For years it has been the general consensus that the unbanked, the underbanked and the underserved turned to the likes of payday loans, check-cashing services, auto title loans and so on to conduct their daily financial affairs. Thay may have been correct a few years ago, but, as of late, it is no longer so.
According to a new study by the Center for Financial Services Innovation (CFSI) and Core Innovation Capital (Core), underserved consumers in the United States spent approximately $141 billion in fees and interest last year.
Everything from borrowing to spending, from saving to planning, the underserved are spending billions of dollars each year to obtain these services, and this represents fewer than 10 percent of the entire financial sector – financial services activity generated more than $1 trillion.
The sixth annual study, however, noted that the underserved are shifting away from payday lenders, both in-store and online. Ostensibly, they’re becoming wiser about the high costs of payday loans.
Researchers discovered that personal marketplace loans soared 210 percent in 2015. At the same time, the use of short-term, high-interest loans declined by 23 percent, which is the sharpest drop in years. The study authors allude to the new regulations and market forces that are helping underserved consumers to take advantage of installment loans and subprime credit cards.
Despite the transition from payday loans to long-term credit, underserved Americans are still spending an exorbitant amount on fees and interest. For long-term credit, the underserved are forking over $55.2 billion. For short-term credit products, the underserved are doling out $26.2 billion. This is a lot of money just to conduct spending in the marketplace.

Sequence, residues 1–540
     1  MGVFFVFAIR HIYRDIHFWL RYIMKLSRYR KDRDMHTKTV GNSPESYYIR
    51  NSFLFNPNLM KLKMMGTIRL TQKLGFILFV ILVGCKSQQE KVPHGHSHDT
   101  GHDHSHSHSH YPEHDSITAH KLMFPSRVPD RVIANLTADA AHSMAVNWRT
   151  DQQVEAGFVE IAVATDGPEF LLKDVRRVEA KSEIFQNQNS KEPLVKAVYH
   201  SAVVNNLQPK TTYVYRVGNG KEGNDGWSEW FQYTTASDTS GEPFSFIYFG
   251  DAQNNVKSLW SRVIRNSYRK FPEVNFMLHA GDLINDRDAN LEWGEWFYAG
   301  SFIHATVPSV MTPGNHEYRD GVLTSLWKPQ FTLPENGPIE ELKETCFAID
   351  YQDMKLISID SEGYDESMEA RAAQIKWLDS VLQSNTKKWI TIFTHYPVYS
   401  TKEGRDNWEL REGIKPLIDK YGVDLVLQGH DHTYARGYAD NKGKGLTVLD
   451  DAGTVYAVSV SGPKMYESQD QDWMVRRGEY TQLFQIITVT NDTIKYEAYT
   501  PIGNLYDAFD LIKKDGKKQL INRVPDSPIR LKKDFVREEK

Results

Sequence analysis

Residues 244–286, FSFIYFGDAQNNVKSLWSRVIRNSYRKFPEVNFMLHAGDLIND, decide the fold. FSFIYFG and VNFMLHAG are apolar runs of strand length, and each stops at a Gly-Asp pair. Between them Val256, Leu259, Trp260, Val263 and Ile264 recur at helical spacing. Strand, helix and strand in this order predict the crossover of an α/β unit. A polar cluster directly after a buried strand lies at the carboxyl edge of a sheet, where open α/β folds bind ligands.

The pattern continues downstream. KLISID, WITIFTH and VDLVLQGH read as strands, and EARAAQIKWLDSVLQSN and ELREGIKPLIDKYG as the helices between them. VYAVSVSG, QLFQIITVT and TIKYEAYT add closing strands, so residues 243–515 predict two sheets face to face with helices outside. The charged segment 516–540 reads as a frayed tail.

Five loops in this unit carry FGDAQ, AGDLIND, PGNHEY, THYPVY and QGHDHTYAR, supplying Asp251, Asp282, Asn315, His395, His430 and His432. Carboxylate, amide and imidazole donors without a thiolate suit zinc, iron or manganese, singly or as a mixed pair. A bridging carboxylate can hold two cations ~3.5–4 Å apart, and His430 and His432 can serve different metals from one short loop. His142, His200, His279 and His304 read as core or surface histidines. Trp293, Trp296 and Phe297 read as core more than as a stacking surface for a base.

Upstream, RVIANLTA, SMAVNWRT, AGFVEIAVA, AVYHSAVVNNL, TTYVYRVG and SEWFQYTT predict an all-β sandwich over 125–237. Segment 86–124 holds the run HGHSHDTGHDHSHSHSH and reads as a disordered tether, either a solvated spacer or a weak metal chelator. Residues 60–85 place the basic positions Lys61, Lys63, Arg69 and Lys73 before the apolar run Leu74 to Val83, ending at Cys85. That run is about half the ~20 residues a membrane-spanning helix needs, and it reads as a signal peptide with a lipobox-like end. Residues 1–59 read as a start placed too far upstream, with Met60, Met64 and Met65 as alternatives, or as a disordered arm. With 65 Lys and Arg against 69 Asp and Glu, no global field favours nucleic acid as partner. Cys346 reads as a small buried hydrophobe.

Ostensibly, according to the researchers, the underserved are financially struggling in the marketplace.
“These numbers affirm our view that everyday Americans are struggling financially, with a majority of American adults relying on high-cost products,” said Colleen Poynton, Vice President at Core, in a statement. “The fact that spending on fees continues to grow at a high rate shows a clear need for tech-enabled entrants to deliver low-cost solutions at scale.”
Using data from the Federal Deposit Insurance Corporation (FDIC), the study revealed that there are 67 million adults in the U.S. that do not have bank accounts and/or use alternative financial services.
Previous reports have come to the same conclusion: there are millions of adult consumers in the U.S. that do not have bank accounts or use these accounts rarely. Due to being unbanked or underbanked, many are turning to payday loan stores, check cashing services and other alternative financial services just to get by. Unfortunately, being underserved is costing millions of Americans a pretty penny.
With that being said, such reports have also concluded that the number of unbanked households sits at a record low. It seems financial institutions are tapping into this market, while consumers are realizing that having a bank account is necessary, even with the soaring fees associated with such accounts.
Payday loans have been blamed for a large number of Americans being trapped in debt. Critics say that the high interest rates, the exorbitant fees and hidden charges and the lack of installment plans are causing so many borrowers to be stuck in a vicious debt cycle. Proponents disagree, and allude the fact that many of these consumers need to access these alternative since they are underserved.